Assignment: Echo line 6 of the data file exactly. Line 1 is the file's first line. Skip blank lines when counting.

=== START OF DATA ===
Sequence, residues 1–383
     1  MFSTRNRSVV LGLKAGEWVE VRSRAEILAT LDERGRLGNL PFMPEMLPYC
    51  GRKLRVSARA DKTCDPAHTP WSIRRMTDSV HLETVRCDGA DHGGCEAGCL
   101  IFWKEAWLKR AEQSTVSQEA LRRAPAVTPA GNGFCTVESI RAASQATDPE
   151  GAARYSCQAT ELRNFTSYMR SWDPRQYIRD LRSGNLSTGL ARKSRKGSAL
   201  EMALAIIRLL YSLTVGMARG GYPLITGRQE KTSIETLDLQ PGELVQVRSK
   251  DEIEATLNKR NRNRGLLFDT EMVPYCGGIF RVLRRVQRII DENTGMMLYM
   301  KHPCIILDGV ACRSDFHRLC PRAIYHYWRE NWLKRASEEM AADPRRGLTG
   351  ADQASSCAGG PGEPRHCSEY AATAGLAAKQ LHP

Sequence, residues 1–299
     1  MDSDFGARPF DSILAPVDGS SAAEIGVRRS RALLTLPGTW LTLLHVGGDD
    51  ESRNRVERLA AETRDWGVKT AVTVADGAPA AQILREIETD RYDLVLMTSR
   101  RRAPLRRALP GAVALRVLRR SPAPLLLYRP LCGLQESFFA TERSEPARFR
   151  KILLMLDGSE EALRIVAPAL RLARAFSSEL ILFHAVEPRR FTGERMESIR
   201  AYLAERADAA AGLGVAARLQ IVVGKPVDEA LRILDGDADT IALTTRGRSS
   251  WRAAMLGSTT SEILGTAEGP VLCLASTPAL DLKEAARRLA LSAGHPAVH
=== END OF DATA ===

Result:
   201  EMALAIIRLL YSLTVGMARG GYPLITGRQE KTSIETLDLQ PGELVQVRSK